As Moscow-based military expert Vladimir Gundarov assessed in an article in Voyenno Promyshlennyy Kuryer, there is also strong evidence that certain leading Russian EW systems can spoof GPS. Gundarov returned to consider the US cruise missile attack against targets in Syria on April 7, 2017 (see EDM, April 11, 2017). Among the 59 Tomahawk cruise missiles launched against the Al-Shayrat base, Moscow claims that 36 failed to reach their target. While the number of failed strikes is disputed by Moscow and Washington, Gundarov highlighted that some experts linked the purported loss of “36 US cruise missiles” to the use of a Russian Krasukha-4 EW system located at the Khmeimim airbase. Sources at the Bryansk Electromechanical Plant, where this complex is made, said that the Krasukha-4 is a multifunctional jamming module, while the newest-generation product is designed to protect ground targets from air strikes. The system is designed to jam enemy onboard systems up to a range of 200 kilometers. The Al-Shayrat base is located 135 km from the Russian airbase, though the naval logistics center at Tartus is closer, at 100 km. That said, Moscow has never disclosed publicly the precise locations in Syria of the EW systems it has deployed there (Voyenno Promyshlennyy Kuryer, February 16).

Gundarov additionally paid close attention to a report issued in 2019 by the Washington-based Center for Advanced Defense Studies (C4ADS) in which four Russian EW systems were identified as posing a threat to GPS. These are the well-known Krasukha-4 at the Khmeimim airbase, the R-330Zh Zhitel jamming station deployed at Aleppo airport, as well as the Samarkand and Rosevnik-AERO electronic warfare systems. The author explains, “The technical characteristics of the latter two are unknown to anyone, as are their locations in Syria, if they are present there. According to a representative of the United Instrument-Making Corporation, where Rosevnik-AERO is made, this complex simply hacks into the drone’s onboard computer when it encounters a familiar system, and if it is unknown, it [still] takes it under its control in a few minutes” (Voyenno Promyshlennyy Kuryer, February 16).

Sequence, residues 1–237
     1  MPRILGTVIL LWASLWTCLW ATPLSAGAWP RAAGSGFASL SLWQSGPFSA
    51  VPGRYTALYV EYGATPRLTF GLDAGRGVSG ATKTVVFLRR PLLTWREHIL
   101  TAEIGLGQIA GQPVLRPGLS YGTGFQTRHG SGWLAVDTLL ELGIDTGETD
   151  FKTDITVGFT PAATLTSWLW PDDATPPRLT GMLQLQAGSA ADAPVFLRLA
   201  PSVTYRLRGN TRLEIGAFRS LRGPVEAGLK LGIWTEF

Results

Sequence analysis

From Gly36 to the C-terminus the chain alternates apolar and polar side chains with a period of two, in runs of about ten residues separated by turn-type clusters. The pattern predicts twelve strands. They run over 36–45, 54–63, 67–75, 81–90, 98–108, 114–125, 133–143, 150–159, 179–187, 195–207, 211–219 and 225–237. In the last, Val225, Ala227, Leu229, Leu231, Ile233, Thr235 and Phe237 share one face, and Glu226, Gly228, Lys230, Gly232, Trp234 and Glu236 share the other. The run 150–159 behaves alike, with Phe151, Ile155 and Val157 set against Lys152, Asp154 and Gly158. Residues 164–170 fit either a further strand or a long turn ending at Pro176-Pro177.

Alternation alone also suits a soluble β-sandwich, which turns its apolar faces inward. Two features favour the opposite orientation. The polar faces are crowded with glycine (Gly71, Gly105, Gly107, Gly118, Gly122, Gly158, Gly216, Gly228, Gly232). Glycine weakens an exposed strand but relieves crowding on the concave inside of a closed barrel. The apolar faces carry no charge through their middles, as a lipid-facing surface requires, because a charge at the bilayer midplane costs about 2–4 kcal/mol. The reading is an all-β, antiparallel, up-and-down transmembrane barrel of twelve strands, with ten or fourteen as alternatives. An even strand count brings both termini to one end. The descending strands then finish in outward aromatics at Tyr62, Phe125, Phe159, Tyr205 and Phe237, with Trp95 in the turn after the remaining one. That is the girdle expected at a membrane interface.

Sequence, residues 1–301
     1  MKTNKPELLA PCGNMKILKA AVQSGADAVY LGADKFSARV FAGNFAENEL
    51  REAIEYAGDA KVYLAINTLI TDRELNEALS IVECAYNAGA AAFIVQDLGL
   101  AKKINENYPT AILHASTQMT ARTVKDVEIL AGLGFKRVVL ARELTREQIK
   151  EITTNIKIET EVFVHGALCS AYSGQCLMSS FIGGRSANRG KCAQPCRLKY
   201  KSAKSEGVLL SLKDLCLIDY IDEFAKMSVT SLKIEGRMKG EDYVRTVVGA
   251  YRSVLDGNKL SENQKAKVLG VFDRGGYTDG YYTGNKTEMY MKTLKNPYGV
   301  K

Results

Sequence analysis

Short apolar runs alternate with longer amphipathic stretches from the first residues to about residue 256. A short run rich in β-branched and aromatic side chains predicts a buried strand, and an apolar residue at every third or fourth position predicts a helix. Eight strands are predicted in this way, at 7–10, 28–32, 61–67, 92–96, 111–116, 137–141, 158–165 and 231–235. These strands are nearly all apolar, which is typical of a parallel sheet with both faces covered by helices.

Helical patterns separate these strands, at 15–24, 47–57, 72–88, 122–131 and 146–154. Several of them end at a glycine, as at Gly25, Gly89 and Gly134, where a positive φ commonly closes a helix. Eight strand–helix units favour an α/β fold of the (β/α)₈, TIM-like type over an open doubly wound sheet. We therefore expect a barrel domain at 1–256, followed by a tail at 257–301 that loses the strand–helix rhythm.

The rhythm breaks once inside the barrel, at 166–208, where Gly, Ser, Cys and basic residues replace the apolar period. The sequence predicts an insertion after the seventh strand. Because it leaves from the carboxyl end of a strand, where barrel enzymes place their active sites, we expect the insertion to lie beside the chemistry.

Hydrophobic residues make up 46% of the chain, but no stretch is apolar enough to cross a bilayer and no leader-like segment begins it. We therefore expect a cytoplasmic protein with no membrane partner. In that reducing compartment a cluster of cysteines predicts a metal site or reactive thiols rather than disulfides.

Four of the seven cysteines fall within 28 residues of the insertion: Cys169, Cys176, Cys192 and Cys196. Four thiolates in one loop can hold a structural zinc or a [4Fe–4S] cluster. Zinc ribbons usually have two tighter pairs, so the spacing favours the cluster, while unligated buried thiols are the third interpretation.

Gundarov uses this report to make two critically important points. First, he contends that the US intelligence community has been unable to determine whether the R-330Zh Zhitel works as part of the R-330M1P Diabazol automated jamming complex or whether it operates autonomously. Second, he draws attention to data from the International Space Station in the spring of 2018, showing that GPS signal spoofing was located at the Khmeimim airbase, “the nerve center of the Russian military campaign in Syria.” Gundarov concludes, “The signals successfully mimicked genuine GPS satellites but did not carry reliable navigation information. In fact, the receivers receiving these ‘fake’ signals confirmed that they were in contact with the satellites, but could not calculate their location or time, which effectively rendered the products inoperable” (Voyenno Promyshlennyy Kuryer, February 16).

It appears that while Russian EW capabilities are generally improving, considerable attention is focused on countering enemy UAV swarm attacks, taking into account the operational experience gained in Syria. Equally, some of the leading EW systems already in use are undoubtedly capable of jamming and spoofing GPS. As Russia’s Armed Forces continue to procure such advanced jamming and spoofing EW systems in the future, it is clear that the United States and its allies may need to learn to rely less on GPS or find concrete measures to protect these signals.